When I wrote my first impressions of Three Hopes, I was talking about a new Fire Emblem Warriors that looked uglier but could be more fun. That feeling comes and goes for the rest of the adventure, as there are some really good ideas for the first FE-based Musou, and a fair bit of filler as well. Of course we come from the adaptations of Attack on the Titans, Persona, One Piece … but above all Hyrule Warriors: The Age of Cataclysm, which serve as references for how Koei Tecmo and Omega Force spend them when it comes to much more bringing the modern warriors into their original series, and perhaps that’s why, despite their somewhat chaotic start, I had triple hope for the long-term experience.
The simple verdict? I think it improves on the first Fire Emblem Warriors by focusing a lot more on specific stories and characters and being closer to the SRPG systems of the Intelligent Systems franchise, but also that it gets a little lost along the way and those stories are not just as attractive as those in the base game.
The plot is sometimes reminiscent of that of the original Three Houses in a more remote/gloomy and sometimes more literal way, although we’re talking about an alternate history with some pretty radical twists. This, which should give fans a kick, may take some confusing detours, but who are we to say in the midst of multiverse fever. I chose Claude von Riegan back then because I liked his character and his gold embellishments, but this time I chose Edelgard and the Black Eagles you know why
To continue with the comparisons, while The Age of Cataclysm didn’t really dare to canonize a Breath of the Wild prequel at all, it did provide believable bits in its timeline. It’s more of a what-if here (the protagonist was now the villain) in the vein of Marvel and many others, but it’s a bit lazy to include some of the alternatives. It’s as if the script and dialogues don’t quite engage, as if they’re second-tier (something FE itself is far better at camouflage) as if the narrative couldn’t be effective no matter how loud, long and confusing it gets . . Is it that the communion that Omega Force had with Nintendo and Atlus didn’t happen here? And most importantly, what’s so fun about changing the personality of heroes that fans already loved because of their looks?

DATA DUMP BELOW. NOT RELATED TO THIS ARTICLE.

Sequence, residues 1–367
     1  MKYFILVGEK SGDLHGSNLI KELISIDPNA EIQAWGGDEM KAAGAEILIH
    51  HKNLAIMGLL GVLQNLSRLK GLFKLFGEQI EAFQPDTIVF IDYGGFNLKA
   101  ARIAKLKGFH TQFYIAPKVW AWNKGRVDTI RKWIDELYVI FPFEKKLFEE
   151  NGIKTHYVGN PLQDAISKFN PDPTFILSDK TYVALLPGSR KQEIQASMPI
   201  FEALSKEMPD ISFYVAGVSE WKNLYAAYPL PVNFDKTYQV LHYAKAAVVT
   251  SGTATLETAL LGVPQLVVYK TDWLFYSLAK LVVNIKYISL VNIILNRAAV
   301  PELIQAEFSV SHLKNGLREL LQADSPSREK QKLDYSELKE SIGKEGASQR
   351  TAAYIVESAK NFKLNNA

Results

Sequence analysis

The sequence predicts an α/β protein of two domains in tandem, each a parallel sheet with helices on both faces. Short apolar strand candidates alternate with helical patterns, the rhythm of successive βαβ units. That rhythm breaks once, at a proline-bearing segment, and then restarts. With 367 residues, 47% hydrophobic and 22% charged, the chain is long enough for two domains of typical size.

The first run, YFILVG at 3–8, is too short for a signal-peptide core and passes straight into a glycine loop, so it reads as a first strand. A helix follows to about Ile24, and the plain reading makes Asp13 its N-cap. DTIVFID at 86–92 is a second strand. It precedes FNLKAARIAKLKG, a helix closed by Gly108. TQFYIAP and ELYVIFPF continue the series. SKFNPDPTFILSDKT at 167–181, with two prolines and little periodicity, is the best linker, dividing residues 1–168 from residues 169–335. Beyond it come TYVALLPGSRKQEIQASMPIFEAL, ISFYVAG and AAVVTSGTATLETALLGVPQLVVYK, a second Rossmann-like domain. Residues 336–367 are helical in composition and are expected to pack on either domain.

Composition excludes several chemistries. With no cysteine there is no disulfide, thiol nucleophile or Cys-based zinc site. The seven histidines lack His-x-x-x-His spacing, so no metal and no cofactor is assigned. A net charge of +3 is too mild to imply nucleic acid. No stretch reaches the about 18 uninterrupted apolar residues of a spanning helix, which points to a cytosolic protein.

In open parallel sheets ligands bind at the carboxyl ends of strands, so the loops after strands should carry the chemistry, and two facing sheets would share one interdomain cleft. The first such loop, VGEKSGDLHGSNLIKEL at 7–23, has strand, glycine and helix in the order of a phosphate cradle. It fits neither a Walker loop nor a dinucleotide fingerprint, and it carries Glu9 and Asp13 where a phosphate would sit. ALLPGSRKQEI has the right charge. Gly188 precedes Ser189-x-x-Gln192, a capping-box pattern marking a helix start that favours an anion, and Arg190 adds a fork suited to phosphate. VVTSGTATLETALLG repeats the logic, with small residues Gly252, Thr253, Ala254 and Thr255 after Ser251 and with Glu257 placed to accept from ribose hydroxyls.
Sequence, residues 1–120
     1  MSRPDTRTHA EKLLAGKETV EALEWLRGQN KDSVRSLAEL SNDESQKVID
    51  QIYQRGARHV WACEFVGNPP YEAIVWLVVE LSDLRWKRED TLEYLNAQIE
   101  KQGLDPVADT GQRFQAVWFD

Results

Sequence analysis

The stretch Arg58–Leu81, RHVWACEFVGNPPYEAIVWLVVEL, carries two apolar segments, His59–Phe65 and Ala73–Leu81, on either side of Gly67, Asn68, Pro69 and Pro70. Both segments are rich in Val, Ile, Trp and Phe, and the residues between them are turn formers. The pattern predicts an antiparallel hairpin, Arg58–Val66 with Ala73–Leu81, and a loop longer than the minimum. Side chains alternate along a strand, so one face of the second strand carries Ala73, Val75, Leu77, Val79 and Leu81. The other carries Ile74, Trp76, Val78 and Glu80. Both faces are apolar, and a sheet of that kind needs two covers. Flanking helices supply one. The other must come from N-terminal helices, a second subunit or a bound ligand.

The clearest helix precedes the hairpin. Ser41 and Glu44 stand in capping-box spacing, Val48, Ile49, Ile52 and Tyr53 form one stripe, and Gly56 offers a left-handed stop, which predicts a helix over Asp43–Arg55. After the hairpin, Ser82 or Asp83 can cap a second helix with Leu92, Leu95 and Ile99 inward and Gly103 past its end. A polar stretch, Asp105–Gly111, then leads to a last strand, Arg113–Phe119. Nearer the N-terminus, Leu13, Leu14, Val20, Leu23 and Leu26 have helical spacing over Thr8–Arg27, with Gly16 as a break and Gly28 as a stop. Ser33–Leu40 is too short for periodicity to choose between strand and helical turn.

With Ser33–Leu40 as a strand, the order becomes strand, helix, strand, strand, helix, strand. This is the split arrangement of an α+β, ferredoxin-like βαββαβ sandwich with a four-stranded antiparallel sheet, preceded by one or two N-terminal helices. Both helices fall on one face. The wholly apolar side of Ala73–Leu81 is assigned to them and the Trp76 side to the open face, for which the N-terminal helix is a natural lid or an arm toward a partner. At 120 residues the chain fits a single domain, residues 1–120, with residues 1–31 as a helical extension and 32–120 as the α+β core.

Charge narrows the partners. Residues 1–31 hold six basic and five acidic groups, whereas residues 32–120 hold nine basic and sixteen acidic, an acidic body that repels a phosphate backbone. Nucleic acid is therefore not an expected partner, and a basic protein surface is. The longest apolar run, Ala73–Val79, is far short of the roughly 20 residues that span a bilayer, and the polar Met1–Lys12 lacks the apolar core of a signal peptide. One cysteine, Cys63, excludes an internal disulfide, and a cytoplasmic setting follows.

Of course: what you get with Fire Emblem Warriors: Three Hopes, which you will not find in the Zelda Museum or many others, is a game with trains and heroes, yes, but much more “Errepegero”, with a series of problems of progression and pure and simple strategy to consider. There are many other specialties, specific effects, perks (both weapons and characters), classes, efficiencies, supports, and commands that turn the tide of battle. It might feel overwhelming for the first few hours, but that’s it, much more than these stories, that gives the game its Fire Emblem flavor, as you really feel like you’re leading troops on the battlefield from an interactive dashboard . .
Looking for the next group of soldiers to punish or show kicking around the map is still a bit rough on camera and animation, and maybe that won’t improve until a new generation arrives from Musous, but the dynamic itself is snappy and the result, spectacular. It’s also a nice touch that the pre-combat phases of preparation take place in 3D, with a scenario to explore and characters to interact to gain support. Personally, we also love the battle map, with that retro style and those easy-to-identify squares, and finally, the graphics of the menus deserve a special mention, with a finesse and clarity that surpasses the rest.
Reclaiming the “Ugly”, while the artistic approach doesn’t look as good as the flatter one chosen for The Age of Cataclysm, the truth is that the game performs quite well over the long run, even when fighting hundreds of minions. This at least keeps the game intense and fluid when it gets as monotonous as any Warriors. Perhaps, as we suggested in the impressions for the opposite reason, it helped that the developers of ω Force participated precisely in Three Houses. So why do you see Regulin in dialogue and other off-map scenes, like the prep, networking, and errands mentioned above?
The other problem is that the missions themselves are the same as the storyline: the content is too stretched out and the battlefield lacks a bit of frequency and variety. The Age of Cataclysm also suffered (workaround: I put a lot more tough bosses on the map), but Three Hopes doesn’t find the alternatives that Three Houses found to make the experience more dynamic.
In conclusion, Nintendo has released its own Game of Thrones with the latest main installment of Fire Emblem, a series that is already the first line and has reached millions of fans. So it would be nice if it included voices in Spanish in the future, a treatment both Zelda and her musous are already receiving and suffering from the FE and her family. Three Hopes could turn all that fiction into some kind of Dynasty Warriors, given the similarities to Romance of the Three Kingdoms, but its lack of charisma and excessive pomp and straw muddle things up a bit. That yes, fans get a good dose of combat adorned with many RPG systems, and find in it the best tribute to their beloved series for many, maybe too many hours.